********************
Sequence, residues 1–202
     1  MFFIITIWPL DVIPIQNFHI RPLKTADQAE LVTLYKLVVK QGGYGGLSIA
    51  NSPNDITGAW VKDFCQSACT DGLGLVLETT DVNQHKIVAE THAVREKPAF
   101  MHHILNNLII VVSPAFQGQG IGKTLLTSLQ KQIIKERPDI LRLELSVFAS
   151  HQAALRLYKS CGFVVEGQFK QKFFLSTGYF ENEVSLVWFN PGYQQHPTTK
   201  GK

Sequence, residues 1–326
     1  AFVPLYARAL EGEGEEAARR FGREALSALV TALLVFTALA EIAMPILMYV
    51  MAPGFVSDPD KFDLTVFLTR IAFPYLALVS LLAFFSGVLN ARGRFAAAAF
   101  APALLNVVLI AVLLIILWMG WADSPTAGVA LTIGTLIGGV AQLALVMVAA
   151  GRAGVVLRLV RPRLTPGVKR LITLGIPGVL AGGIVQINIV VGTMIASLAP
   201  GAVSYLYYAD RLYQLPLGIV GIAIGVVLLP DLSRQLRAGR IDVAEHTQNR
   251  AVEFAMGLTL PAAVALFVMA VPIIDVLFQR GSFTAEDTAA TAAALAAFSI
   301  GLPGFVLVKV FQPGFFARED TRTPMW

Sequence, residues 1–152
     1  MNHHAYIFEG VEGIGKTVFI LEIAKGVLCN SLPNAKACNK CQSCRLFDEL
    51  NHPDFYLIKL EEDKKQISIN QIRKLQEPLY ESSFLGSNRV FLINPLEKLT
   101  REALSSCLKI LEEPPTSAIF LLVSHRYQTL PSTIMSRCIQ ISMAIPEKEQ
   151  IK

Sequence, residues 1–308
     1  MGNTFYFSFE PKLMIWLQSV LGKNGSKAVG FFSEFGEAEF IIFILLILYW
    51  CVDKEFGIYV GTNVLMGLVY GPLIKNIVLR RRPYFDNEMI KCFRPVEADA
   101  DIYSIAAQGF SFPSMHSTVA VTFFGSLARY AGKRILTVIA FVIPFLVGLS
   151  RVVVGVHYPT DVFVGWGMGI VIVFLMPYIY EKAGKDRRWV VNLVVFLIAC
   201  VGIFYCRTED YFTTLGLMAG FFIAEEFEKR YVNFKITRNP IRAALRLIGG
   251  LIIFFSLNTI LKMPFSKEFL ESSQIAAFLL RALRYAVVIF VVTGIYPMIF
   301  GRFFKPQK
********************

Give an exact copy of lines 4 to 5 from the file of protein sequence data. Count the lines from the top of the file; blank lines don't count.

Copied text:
   101  MHHILNNLII VVSPAFQGQG IGKTLLTSLQ KQIIKERPDI LRLELSVFAS
   151  HQAALRLYKS CGFVVEGQFK QKFFLSTGYF ENEVSLVWFN PGYQQHPTTK